Prospective new hires commonly share copies of their current benefit package during the negotiation process. Those copies are a valuable resource for employers to compare their benefit package with local competitors.

Employers should offer continuous education around benefits. It is very important for employers to make sure that their employees know who they should contact if they have questions, where they should go, or how they can find out what they need to know.

Dialogue is important, such as lunch-and-learns and setting aside time for discussion, so that employees feel empowered to be able to take advantage of their benefits. Employers should make sure that employees know what’s available to them because today’s work environment is very competitive, and sometimes the menu of options for an employer can make or break whether they will be able to attract and retain talent.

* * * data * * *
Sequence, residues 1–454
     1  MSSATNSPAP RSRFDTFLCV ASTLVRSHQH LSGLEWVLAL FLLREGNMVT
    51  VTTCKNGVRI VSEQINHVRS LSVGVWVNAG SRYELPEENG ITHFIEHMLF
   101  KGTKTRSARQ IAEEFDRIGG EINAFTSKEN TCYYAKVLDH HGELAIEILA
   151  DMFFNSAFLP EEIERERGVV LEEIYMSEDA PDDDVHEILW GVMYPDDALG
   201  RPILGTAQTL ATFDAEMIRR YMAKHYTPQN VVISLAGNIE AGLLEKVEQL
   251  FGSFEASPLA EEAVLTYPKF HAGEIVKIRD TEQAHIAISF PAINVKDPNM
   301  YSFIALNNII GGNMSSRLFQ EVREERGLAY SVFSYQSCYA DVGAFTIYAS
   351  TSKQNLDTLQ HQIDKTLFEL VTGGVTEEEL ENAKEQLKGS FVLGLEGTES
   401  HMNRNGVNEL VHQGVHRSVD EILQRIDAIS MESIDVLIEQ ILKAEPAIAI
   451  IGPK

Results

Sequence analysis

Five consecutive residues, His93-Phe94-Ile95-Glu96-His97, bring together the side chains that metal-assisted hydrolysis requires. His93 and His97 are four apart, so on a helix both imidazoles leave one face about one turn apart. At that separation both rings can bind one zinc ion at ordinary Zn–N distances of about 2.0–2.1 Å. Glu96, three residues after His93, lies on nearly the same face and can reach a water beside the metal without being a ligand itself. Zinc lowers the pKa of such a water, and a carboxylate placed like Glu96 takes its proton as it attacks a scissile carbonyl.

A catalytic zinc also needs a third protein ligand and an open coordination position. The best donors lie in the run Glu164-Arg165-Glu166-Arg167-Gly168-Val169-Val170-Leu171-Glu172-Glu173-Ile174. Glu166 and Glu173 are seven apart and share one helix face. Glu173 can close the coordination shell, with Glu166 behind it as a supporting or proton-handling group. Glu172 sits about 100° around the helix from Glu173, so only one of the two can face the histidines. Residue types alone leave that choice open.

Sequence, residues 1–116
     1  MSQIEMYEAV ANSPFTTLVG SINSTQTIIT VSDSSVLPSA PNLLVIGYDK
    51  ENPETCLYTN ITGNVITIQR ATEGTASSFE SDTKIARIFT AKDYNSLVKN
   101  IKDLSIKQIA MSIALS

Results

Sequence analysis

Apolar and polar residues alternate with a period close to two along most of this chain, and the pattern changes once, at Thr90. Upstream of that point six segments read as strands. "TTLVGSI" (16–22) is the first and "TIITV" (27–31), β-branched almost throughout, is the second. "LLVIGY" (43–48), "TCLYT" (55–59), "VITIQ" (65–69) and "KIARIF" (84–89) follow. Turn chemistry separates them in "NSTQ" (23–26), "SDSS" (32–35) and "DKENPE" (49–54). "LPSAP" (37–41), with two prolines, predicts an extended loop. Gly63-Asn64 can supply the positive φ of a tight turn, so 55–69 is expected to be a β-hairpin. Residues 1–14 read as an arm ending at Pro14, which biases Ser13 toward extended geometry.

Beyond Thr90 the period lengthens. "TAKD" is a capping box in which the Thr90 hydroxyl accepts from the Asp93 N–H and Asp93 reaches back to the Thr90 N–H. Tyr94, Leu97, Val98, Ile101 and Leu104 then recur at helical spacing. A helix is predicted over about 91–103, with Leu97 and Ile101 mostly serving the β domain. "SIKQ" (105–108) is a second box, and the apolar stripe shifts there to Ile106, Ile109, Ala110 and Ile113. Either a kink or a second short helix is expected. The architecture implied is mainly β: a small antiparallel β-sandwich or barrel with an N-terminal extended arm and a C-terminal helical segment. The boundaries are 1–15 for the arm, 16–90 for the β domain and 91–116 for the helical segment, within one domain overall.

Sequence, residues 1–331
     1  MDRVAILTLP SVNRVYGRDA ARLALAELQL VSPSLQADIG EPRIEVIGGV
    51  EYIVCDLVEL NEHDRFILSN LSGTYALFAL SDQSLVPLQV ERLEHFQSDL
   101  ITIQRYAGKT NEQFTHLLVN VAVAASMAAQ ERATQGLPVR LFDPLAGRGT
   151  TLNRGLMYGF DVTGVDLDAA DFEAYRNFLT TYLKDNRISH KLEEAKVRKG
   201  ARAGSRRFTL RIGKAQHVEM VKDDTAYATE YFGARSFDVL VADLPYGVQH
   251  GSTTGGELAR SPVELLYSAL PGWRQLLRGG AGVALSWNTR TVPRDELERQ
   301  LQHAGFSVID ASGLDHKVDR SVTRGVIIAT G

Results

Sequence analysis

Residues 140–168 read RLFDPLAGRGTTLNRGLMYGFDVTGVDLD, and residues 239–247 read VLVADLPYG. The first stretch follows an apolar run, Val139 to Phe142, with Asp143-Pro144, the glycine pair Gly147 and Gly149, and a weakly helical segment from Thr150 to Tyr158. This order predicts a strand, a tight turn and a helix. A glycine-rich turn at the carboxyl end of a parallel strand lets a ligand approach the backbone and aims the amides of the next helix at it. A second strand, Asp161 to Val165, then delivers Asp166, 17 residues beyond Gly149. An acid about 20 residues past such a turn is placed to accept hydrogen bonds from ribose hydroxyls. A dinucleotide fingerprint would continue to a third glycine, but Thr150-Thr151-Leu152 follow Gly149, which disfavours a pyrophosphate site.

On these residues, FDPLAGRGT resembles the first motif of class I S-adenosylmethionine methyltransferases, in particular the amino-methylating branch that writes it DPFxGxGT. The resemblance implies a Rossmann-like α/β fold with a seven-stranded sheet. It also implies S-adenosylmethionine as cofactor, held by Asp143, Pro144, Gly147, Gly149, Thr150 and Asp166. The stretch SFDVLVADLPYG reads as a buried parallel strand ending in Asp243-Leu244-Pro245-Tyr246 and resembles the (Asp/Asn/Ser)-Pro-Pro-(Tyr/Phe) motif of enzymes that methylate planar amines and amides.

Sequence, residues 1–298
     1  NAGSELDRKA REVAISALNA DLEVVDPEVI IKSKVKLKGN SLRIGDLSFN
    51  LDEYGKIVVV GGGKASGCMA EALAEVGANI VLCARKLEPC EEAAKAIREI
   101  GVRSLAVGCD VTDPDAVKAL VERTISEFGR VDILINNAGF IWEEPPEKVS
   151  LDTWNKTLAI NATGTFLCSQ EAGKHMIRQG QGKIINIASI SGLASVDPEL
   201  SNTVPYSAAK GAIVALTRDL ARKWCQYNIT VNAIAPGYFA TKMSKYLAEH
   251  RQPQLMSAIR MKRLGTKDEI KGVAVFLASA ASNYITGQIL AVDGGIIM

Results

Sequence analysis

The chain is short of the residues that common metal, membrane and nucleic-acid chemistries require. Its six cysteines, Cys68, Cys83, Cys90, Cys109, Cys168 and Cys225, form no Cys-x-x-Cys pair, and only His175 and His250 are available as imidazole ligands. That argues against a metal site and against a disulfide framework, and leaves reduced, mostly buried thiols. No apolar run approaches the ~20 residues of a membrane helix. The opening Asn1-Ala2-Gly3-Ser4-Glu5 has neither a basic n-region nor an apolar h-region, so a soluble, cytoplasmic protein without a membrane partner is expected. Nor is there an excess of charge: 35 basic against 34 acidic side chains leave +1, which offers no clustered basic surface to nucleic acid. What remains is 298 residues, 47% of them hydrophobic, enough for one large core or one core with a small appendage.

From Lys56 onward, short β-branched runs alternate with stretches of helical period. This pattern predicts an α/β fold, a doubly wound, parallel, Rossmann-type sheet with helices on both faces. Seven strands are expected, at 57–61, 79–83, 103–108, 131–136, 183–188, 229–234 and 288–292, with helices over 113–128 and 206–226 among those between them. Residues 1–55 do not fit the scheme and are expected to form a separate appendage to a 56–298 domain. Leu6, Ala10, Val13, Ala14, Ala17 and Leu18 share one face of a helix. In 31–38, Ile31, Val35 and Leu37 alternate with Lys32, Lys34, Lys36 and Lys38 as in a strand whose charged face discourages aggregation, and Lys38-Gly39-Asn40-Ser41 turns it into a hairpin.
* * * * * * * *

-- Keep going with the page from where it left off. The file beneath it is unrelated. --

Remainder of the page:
“Because now, post-COVID, you and I can choose to work for anyone around the country if not the world,” Royal said. “The competitive landscape has really changed the dynamic to maybe push a little more of the power to the employee compared to what it has been in the past. It’s all the more important for the employer to hone in on what they’re offering, why they’re offering it, and creating that buy-in and alignment from their existing workforce, hopefully to drive future growth.”

A Changing Landscape

Regulation and tax law changes are constantly impacting benefits.

On the employer side it could be regulations around the number of employees who could be covered in a specific plan or the number of plans or types of plans that need to be offered.